Strengthening Use of Research Evidence for Adolescent and Youth Sexual and Reproductive Health (enSURE)

Photo: Jessica Lea/DFID/Flickr

The Strengthening evidence for action and accountability on sexual and reproductive health for young people in Eastern and Southern Africa (enSURE: Adolescent and Youth SRH) project sought to strengthen the generation, translation, and use of research and related evidence in formulation of policies and programmes. This would result in improved sexual and reproductive health (SRH) outcomes among adolescents and young people aged 10-24 years in East and Southern Africa focusing on Kenya and Malawi.African policymakers face challenges with accessing and using evidence for decision-making in general. This challenge is particularly pronounced among policymakers responsible for adolescent SRH policy decisions due to the complexity of the issue and divergent views and interests. This is further complicated by inadequate data and evidence on adolescent SRH because most health management information systems in Africa do not include specific adolescent health indicators. The enSURE programme was implemented to address these gaps in Kenya and Malawi and lessons from this process would then be used to inform regional actions.

The project was focused on young people 10-24 years comprising adolescents 10-19 years and youth 20-24 years. The programme was implemented using 3 main approaches:

  1. Generating and Synthesising Evidence: the project generated evidence to inform national policy and programme decisions and enhance commitment and resource allocation to adolescent SRH. This was done primarily through synthesis of evidence on appropriate cost-effective interventions that had potential to be adapted at country and regional levels and analysis of data from existing national datasets to understand adolescent SRH attitudes, behaviours, practices and access to SRH information and services in Kenya, Malawi and Sub-Saharan Africa.
  2. Evidence-based advocacy and policy engagement: This strategy targeted key audiences at both national and regional levels. At national level, the main target of our advocacy strategy were officials in the Ministries of health, education, gender and youth, the population secretariats, and Members of Parliament, as well as major non-governmental organisations working on adolescent SRH in each country. We also engaged the mass media in advocacy activities. At the regional level, we targeted regional networks (e.g. NEAPACOH).
  3. Capacity Strengthening: We strengthened the capacity of mid-level policy actors in health to use evidence for decision making to improve young people’s SRH outcomes. Specific activities comprised strengthening skills of reproductive health officials to generate monthly reports from the health information management system and use it to inform adolescent SRH programme and resource allocation decisions.

Some of the major contributions of the project to policy and practice shifts with far reaching impact were in the:

  • Formulation of 2015 Adolescent Sexual and Reproductive Health (ASRH) policy in Kenya, which prioritised comprehensive sexuality education and contraceptive services for all adolescents
  • Formulation of the 2015 Youth Friendly Health Services (YFS) standards in Malawi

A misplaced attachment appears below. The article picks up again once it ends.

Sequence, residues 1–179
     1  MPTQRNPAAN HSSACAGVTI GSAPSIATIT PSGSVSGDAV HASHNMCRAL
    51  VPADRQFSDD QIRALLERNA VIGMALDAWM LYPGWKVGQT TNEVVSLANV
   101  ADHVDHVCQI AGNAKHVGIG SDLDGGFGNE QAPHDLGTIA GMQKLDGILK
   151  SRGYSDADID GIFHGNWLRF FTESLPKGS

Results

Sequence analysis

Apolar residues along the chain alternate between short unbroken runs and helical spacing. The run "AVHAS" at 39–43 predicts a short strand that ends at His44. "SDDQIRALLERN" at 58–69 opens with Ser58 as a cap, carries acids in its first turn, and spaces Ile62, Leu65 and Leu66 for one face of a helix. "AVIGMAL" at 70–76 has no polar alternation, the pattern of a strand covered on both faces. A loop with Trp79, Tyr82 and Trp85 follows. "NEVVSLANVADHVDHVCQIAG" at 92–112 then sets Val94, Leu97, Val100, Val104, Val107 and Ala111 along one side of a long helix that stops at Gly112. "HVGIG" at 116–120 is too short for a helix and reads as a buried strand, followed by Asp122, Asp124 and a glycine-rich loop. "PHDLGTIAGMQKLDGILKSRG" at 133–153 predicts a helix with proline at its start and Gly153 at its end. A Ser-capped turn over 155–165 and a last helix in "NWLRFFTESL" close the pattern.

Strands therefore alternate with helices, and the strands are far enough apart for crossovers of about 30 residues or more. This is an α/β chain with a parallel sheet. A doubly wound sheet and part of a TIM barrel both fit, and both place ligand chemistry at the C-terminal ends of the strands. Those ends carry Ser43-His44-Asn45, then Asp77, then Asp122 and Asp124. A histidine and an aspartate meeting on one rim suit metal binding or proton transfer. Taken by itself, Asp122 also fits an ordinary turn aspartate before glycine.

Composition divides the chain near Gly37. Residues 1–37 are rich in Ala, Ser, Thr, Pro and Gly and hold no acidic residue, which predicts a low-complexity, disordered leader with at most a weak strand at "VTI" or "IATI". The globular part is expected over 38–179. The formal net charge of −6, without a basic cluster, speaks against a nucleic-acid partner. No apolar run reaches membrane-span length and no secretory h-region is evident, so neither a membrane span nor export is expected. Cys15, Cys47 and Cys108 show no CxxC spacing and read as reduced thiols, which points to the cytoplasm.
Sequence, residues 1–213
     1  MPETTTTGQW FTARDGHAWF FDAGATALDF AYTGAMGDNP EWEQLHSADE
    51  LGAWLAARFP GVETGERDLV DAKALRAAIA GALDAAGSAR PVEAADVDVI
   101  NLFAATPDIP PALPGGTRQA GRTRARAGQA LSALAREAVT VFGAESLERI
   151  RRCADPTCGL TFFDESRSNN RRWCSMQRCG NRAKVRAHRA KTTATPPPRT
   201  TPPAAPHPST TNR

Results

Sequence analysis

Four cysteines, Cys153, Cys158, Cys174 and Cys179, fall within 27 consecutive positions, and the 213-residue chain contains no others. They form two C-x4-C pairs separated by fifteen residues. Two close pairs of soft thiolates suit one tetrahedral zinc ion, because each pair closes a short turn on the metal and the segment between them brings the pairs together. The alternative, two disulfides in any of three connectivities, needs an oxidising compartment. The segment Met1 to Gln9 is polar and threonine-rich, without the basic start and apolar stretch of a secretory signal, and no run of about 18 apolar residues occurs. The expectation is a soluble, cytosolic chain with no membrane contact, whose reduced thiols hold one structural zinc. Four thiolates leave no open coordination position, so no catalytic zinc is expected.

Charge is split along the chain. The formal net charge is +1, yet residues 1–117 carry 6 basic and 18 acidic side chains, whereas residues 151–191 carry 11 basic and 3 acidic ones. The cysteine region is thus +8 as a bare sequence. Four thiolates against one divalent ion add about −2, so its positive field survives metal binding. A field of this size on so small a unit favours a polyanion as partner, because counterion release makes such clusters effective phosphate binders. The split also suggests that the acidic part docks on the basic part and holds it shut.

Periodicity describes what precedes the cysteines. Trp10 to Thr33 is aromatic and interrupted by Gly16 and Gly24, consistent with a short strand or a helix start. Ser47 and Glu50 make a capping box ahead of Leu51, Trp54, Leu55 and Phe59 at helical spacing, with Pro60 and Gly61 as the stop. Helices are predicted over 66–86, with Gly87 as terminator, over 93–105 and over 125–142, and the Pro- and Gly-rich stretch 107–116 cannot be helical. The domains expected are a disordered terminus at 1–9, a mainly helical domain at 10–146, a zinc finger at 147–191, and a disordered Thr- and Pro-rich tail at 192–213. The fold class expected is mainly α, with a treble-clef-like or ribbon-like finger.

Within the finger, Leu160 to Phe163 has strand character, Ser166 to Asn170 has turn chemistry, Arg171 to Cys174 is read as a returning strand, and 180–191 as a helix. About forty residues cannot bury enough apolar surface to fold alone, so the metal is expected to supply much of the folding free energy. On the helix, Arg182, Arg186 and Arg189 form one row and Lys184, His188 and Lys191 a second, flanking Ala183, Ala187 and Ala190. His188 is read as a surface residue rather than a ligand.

• Adoption of a new Marriage Act in Malawi that raised the legal age of marriage from 15 years (with parental consent) to 18 years
  • Development and integration of adolescent SRH indicators in the District Health Information Systems (DHIS) in Kenya and Malawi, which increased availability of relevant adolescent SRH data for decision-making
  • Initiation of the development of an integrated Adolescent Health Policy, which was informed by a research-to-policy symposium, the “2015 National Adolescent Health Symposium”, co-organised with the Kenya Ministry of Health and other partners. The symposium, which focuses on discussing the policy and programme implications of the latest evidence on adolescent SRH was a first of its kind and is now held biennially

The project developed fact sheets that highlighted the status of key reproductive, maternal and child health interventions in 6 counties in relation to the national status. The data was drawn from the 2009 and 2014 Kenya Demographic and Health Survey, the Kenya AIDS Indicator Survey (KAIS, 2007), the UN and other national and global studies. You can find these fact sheets here.The project also developed a policy briefIn addition, the project developed fact sheets highlighting the status of adolescent sexual and reproductive health for 46 counties in relation to the national trends. The data was drawn from the 2014 Kenya Demographic and Health Survey, 2012 Kenya AIDS Indicator Survey and the 2014 Basic Education Statistical Booklet. You can find these fact sheets here.

The enSURE programme collaborated closely with the Ministries of Health in Kenya and Malawi and other institutions addressing adolescent sexual and reproductive health (SRH) through participating on the National Adolescent Technical Working Group (TWG) in Kenya and the National SRH TWG and its related sub technical committees such as YFHS, FP and Safe motherhood in Malawi. Therefore, programme implementation was guided by regular consultations and deliberations with the Ministry of Health and the Adolescent SRH TWG/sub-Committee.

Key Details

Dates: December 2013 to March 2017

The Strengthening Use of Research Evidence for Adolescent and Youth Sexual and Reproductive Health (enSURE Adolescent and Youth SRH) project sought to increase the use of evidence in decision-making processes to improve adolescent sexual and reproductive health (SRH) in Kenya.

Where: Kenya , Malawi
Project Manager:Violet Murunga

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